Home visiting is a form of family support which can help families with different problems in different ways. Previous evaluations have utilised either experimental or qualitative designs. However, the needs-based nature of support presents a challenge for evaluation using experimental designs.
This paper illustrates the unique contribution that administrative data can make to understanding these problems and how it can be used to explore what support works for families in different situations.
The analysis of administrative data from one UK home visiting organisation, Home-Start, is presented. Exploratory analysis considers measures describing how well parents are coping with a range of issues and how this changes over the course of support. This highlights problems with evaluation because of the variety of issues Home-Start is supporting parents to cope with and the fact that the duration of support is needs-based. Methodological solutions are proposed for these problems using the administrative data. These include using subgroups to study families with different problems and considering the rate at which improvements occur as an outcome variable. Linear regression models are presented to demonstrate how these methods can identify aspects of support related to improvements in parental self-esteem.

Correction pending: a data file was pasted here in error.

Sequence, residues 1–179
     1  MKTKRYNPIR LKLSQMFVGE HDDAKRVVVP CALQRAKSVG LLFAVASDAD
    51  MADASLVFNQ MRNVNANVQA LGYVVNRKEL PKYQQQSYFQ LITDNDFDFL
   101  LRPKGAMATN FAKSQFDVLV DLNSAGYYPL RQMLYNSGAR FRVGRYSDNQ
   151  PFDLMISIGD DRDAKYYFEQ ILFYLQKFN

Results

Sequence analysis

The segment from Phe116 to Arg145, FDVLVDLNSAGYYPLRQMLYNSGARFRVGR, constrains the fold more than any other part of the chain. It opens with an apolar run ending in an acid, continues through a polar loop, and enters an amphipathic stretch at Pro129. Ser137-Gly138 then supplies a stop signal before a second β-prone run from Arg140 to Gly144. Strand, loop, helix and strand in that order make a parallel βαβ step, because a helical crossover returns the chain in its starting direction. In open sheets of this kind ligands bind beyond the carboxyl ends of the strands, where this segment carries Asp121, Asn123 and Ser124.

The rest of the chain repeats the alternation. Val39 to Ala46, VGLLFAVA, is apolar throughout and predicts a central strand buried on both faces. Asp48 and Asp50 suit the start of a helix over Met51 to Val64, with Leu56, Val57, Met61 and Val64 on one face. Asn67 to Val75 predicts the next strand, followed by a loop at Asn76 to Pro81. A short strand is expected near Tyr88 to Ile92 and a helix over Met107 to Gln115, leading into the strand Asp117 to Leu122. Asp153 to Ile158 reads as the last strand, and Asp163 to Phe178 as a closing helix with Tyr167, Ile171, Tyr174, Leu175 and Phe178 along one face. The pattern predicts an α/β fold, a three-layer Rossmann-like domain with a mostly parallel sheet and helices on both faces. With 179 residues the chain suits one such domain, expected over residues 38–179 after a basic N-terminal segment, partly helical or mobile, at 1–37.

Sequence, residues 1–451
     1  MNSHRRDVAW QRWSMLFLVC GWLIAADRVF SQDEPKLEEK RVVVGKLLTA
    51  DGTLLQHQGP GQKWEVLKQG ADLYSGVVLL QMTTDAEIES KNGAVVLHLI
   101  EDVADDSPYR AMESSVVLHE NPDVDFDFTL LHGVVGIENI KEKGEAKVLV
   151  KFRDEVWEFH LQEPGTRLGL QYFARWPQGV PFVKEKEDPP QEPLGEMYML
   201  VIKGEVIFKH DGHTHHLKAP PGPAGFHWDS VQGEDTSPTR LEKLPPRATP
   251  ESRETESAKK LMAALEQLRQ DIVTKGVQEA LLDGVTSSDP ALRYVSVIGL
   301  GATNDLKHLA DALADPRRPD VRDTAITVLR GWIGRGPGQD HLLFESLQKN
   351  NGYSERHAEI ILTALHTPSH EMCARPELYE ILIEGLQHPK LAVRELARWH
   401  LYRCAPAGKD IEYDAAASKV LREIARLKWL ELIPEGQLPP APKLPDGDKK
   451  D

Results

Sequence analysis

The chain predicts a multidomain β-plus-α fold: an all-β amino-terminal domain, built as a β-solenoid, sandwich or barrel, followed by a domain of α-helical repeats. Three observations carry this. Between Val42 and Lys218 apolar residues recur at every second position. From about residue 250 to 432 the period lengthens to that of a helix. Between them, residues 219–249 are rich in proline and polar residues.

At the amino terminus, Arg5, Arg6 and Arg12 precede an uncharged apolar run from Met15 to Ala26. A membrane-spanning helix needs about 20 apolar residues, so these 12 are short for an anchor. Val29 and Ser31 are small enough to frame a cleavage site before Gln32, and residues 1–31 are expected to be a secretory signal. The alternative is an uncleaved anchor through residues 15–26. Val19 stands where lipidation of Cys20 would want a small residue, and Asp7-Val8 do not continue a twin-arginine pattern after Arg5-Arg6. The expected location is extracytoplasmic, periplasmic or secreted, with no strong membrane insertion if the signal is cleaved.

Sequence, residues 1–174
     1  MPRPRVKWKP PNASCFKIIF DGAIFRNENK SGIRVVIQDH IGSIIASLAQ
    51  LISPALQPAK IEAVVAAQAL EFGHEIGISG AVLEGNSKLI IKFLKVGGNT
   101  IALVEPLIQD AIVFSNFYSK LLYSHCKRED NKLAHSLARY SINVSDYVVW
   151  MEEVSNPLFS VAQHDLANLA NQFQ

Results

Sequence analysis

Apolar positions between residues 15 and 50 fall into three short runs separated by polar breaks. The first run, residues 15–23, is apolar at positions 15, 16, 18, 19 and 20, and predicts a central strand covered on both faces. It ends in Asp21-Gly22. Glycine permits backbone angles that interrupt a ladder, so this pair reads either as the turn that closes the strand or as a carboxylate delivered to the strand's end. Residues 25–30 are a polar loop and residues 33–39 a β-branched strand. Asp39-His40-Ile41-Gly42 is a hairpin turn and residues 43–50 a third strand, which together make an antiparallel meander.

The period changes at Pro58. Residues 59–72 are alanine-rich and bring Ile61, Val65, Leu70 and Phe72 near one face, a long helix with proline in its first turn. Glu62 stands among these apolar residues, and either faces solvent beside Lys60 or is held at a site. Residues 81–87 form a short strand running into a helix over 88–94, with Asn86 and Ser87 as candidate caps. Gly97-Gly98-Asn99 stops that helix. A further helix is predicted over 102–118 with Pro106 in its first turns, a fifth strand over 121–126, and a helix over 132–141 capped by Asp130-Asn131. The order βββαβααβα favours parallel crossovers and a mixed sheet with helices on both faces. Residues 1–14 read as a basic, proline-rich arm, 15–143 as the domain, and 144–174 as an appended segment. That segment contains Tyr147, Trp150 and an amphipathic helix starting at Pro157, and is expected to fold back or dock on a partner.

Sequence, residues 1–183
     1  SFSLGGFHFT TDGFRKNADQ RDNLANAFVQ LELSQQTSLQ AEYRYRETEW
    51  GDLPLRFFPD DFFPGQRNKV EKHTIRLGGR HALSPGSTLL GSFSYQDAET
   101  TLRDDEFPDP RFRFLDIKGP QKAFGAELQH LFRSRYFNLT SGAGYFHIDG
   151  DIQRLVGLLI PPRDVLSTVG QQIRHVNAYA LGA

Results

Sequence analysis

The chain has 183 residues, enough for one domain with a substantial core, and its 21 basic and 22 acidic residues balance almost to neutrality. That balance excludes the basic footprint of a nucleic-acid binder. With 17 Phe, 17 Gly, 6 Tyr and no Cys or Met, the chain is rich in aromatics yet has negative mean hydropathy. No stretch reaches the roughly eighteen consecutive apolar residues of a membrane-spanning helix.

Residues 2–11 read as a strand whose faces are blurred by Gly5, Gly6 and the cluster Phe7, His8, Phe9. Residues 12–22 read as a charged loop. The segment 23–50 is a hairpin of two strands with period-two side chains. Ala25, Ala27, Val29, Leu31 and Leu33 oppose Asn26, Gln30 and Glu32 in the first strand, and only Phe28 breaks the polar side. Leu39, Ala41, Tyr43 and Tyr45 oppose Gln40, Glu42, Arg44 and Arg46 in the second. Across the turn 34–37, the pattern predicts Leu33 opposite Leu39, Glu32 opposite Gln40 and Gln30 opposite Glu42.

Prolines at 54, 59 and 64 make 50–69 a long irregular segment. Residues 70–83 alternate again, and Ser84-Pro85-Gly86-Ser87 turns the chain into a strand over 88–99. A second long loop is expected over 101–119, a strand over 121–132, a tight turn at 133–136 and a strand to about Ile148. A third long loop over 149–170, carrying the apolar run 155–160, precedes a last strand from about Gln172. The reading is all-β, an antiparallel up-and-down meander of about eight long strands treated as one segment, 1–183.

The methods used are able to demonstrate that the frequency of support and who the support is provided by are related to faster improvements in parental self-esteem. The analysis of sub-groups in the data shows that the frequency of support is important for all parents, but there are differences between parents in different situations, depending on whether volunteers or paid staff provide support.
The analysis of administrative data is able to make a unique contribution to the evaluation of needs-based home visiting support.